NASA’s Kepler spots evidence of 100 billion planets.
A new study by astronomers working with the Kepler Space Telescope suggests that our galaxy contains at least 100 billion alien planets.
“It’s a staggering number, if you think about it,” says lead author Jonathan Swift of California Institute of Technology in Pasadena, California. “Basically there’s one of these planets per star.”
Swift’s team has been observing a five-planet system dubbed Kepler-32 that lies about 915 light-years from Earth. NASA’s Kepler Telescope detected the alien exoplanets by flagging tiny reductions in brightness when the bodies crossed their system’s star.
The star at the center of the Kepler-32 system is an M dwarf, the most common type in the Milky Way galaxy. These dwarfs, smaller and cooler than our sun, account for an estimated 75 percent of the 100 billion stars filling the near-cosmos, according to researchers.
The five worlds recorded in Kepler-32 are of comparable size to Earth, but orbit relatively close to their parent star. This makes them representative of most systems involving M dwarfs, according to numerous observations made over Kepler’s nearly 4-year lifespan.
“I usually try not to call things ‘Rosetta stones,’ but this is as close to a Rosetta stone as anything I’ve seen,” remarked the study’s co-author John Johnson, also of Caltech. “It’s like unlocking a language that we’re trying to understand—the language of planet formation.”
The estimate of 100 billion planets is actually a conservative figure. The team’s analysis didn’t include outer worlds in M-dwarf systems, or planets circling other types of stars. According to Swift, the Milky Way may in fact be home to 200 billion planets or more, or about two per star.
Kepler can only detect planets with orbits around their stars that happen to align with the telescope. To account for this, the team calculated the odds that an M dwarf planetary system would be oriented edge-wise to Kepler’s lens, and combined that with the number of planets detected in such systems thus far. The resulting figure was roughly 100 billion.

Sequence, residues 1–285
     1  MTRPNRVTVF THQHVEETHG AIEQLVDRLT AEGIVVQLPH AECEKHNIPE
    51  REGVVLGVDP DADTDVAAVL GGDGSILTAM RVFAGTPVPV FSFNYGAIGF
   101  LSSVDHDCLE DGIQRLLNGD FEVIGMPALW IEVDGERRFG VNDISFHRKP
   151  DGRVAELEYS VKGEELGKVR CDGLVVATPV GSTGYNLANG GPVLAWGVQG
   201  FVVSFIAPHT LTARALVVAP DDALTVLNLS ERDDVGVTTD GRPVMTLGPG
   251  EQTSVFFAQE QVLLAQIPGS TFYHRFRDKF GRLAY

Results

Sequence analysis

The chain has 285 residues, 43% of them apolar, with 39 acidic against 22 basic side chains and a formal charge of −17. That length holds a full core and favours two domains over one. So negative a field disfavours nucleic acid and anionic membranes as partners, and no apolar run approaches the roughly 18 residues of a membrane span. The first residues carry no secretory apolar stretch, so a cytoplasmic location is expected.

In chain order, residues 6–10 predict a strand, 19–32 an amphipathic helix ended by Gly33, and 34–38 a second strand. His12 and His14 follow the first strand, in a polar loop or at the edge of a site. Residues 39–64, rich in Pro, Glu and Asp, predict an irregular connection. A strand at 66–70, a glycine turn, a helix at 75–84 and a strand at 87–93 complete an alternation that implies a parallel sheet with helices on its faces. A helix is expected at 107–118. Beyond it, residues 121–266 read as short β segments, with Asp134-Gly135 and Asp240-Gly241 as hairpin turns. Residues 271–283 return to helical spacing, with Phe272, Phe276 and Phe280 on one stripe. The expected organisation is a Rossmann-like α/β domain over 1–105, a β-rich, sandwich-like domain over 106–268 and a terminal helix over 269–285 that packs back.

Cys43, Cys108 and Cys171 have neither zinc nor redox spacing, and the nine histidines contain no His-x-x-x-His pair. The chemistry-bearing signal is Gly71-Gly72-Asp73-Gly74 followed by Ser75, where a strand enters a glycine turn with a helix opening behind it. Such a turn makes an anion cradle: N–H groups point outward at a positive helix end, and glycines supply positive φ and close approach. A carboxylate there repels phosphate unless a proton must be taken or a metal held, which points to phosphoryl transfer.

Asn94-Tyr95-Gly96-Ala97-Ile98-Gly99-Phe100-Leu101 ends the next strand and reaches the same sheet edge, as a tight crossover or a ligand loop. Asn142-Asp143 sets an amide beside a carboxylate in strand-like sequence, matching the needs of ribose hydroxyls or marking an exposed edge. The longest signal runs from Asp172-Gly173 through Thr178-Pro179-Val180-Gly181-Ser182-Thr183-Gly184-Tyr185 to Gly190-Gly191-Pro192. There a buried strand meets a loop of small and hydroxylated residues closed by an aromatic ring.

All of Kepler-32’s planets orbit within 10 million miles of their star, compared with Earth’s average distance of 93 million miles from the sun. The five planets are not as super-heated as that difference might imply, however, due to the dwarf’s smaller size and lesser radiation output.
In fact, the system’s outermost planet may lie within the ‘just right’ habitable zone, where liquid water could theoretically exist on the surface without freezing or instantly evaporating.
The study’s prediction of 100 billion planets is admittedly a rough estimate, representing the first attempt to translate Kepler’s observations into an actual figure. Most of the 3,000 exoplanets identified by the telescope have yet to be confirmed, though the team estimates that at least 80 percent will prove to be the real deal.
The actual number could fall below, or well above, 100 billion. With those kinds of odds, many scientists are hopeful that at least one such world could support indigenous alien or future human life.
“The Earth isn’t unique, nor the center of the universe,” said University of California, Berkeley professor and veteran planet-hunter Geoff Marcy, in a recent interview with Space.com. “The diversity of other worlds is greater than depicted in all the science fiction novels and movies. Aristotle would be proud of us for answering some of the most profound philosophical questions about our place in the universe.”
Since launching in March 2009, the $600 million Kepler mission has observed more than 150,000 stars in its tireless search for transiting exoplanets.
Having recently completed its primary mission, NASA has granted funding for an extended mission to 2016, and possibly beyond. Whereas prior data was held as proprietary by the Kepler team for a period of several months, all data received and processed from now on will immediately be made public.
The new study was published January 2 in The Astrophysical Journal.